Nine male chronic (>1 yr), complete (ASIA A) spinal cord injured (SCI) subjects and eight male able-bodied (AB) subjects volunteered to participate in the study. The AB group was recruited from a university community, whereas the SCI group was recruited from the Shepherd Center in Atlanta, GA. The physical characteristics of the SCI and AB subjects are shown in Table 1. The time since injury and level of injury for the SCI individuals are shown in Table 2. The AB subjects, who served as controls were included if they were similar to the SCI group on age, height, and weight and if they did not report exercising more than 3 d a week and were not engaged in any formal exercise-training program for 6 months before the study. Exercise history in the AB subjects was obtained by self-report. Subjects were excluded if they reported that they were smokers. None of the subjects had any history of disease or other confounding factors. Medications were recorded and the only medication that was used in either group was antispasticity medication (Baclofen) in three of the SCI individuals. Baclofen has had no known reported vascular effects. Magnetic resonance (MR) image collection for all subjects occurred at Shepherd Center, Atlanta, GA, or Health South, Athens, GA. The study was conducted with the approval of the Institutional Review Board at the University of Georgia, and all subjects provided written informed consent.
Subjects were asked to abstain from fatty foods, caffeine, and alcohol for at least 12 h before testing. Subjects were placed in a supine position on a table for at least 10 min before testing. Blood pressure was measured in the arm throughout the entire testing period using an automated blood pressure machine (Datascope, Mahwah, NJ). Resting artery diameter and blood flow were measured in the femoral artery using Doppler ultrasound. Two trials of leg ischemia were performed by inflating a 12-mm–wide cuff just above the knee. Ischemia was induced in the distal thigh and leg by inflation of a blood pressure cuff distal to the probe to a pressure 100 Torr above systolic pressure. A minimum of 5 min of recovery was allowed between trials. The durations of cuff ischemia were 4 and 10 min. Preliminary studies in our laboratory indicated that there is no order effect for duration of cuff ischemia. Thus, longer durations of ischemia were done last to minimize discomfort to the subject. Cuff inflation and deflation were rapid (1–2 s) and performed using a Hokanson (Bellevue, WA) device.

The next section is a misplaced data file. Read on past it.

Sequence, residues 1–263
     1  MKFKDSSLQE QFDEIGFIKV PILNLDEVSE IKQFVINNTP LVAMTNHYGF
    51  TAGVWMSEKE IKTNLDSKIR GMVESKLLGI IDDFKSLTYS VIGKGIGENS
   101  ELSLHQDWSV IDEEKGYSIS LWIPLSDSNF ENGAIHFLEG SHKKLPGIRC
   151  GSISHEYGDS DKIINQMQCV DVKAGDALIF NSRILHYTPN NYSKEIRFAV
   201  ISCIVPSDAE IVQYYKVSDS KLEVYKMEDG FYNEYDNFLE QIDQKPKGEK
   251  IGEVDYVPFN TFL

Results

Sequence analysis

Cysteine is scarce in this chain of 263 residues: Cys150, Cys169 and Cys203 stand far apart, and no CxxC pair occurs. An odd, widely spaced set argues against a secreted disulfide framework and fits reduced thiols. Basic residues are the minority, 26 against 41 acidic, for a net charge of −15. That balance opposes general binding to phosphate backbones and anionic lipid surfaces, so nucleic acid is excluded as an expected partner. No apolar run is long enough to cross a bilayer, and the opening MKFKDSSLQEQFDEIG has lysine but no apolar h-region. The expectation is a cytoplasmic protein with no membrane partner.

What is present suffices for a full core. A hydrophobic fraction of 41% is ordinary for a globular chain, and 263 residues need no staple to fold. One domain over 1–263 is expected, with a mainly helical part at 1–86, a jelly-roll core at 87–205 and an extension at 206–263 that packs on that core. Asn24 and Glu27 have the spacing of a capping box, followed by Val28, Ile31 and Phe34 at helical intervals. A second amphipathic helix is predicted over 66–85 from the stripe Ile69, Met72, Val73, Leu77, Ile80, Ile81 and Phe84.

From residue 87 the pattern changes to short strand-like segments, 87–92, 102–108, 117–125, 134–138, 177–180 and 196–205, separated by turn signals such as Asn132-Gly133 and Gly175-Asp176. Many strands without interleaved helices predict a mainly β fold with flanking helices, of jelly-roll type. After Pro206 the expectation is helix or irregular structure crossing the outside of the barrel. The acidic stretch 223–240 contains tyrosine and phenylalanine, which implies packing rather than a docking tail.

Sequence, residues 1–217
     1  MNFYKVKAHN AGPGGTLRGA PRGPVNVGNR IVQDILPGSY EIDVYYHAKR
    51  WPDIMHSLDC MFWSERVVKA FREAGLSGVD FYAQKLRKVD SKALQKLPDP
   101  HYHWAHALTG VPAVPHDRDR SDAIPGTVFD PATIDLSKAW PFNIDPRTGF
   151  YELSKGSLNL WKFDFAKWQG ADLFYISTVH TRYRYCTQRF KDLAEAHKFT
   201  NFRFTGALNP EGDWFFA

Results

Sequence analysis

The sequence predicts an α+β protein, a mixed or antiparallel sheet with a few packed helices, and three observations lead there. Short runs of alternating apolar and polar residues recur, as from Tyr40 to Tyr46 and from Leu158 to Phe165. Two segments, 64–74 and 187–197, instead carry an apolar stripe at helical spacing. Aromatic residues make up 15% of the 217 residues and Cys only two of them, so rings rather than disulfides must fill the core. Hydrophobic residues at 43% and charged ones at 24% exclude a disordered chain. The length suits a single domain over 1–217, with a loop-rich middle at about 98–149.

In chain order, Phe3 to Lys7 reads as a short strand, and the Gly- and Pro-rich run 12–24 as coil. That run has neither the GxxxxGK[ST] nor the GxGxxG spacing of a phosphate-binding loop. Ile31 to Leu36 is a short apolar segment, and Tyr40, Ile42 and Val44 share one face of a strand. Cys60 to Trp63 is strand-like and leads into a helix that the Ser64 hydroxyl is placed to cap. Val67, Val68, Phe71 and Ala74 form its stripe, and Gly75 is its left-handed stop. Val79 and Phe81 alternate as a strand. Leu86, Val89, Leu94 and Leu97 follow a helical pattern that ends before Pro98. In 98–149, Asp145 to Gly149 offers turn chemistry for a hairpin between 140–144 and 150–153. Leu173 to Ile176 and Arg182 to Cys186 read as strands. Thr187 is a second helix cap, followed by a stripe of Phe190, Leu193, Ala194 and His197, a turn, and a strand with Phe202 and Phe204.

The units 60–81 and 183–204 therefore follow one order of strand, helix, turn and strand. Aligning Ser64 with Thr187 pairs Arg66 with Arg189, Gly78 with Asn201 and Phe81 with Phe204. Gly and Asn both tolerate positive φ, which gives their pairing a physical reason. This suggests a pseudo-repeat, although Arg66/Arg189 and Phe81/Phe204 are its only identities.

Blood flow was measured in the femoral artery using quantitative Doppler ultrasound (General Electric LogiQ 400CL, Rainbow City, AL). A linear array transducer was used at a frequency of 6–9 MHz. The imaging site was located on the upper third of the thigh and was marked to ensure replication of probe placement. Doppler measurements were made proximal to the cuff to ensure that the vessel placement was maintained throughout cuff occlusion. Resting diameter was measured in the axial view during diastole. Pulsed Doppler ultrasound was recorded in the longitudinal view using an insonation angle between 45° and 60°. The velocity gate was set to include the entire arterial diameter.
Velocity measurements were auto calculated every heartbeat by General Electric’s advanced vascular program software for the LogiQ 400 CL. The minimum, maximum, and time-averaged maximum velocity measurements were saved directly to a computer allowing data acquisition on a beat-by-beat basis. Images were saved to magnetic optical disks for measurement of vessel diameter by custom-made software (Labview 6i, Austin, TX). Blood flow was calculated by the product of vessel CSA and the time average maximum velocity. The resting vessel diameter was used for calculation of blood flow, as no dilation was found in the femoral artery during cuff occlusion. The observation that the femoral artery does not significantly dilate during cuff occlusion has been reported previously (20) and has been seen in our previous studies with exercise (18) and cuff occlusion (17). Conductance was calculated by the blood flow divided by the mean arterial pressure (MAP).
Maximum blood flow was determined as the highest blood flow for each ischemic test. The halftime to recovery was determined as the point at which blood flow dropped to one half the difference between maximum flow and resting flow. This was used as an index of vascular reactivity as it reflects the ability of the arteries to return blood flow to resting values (19).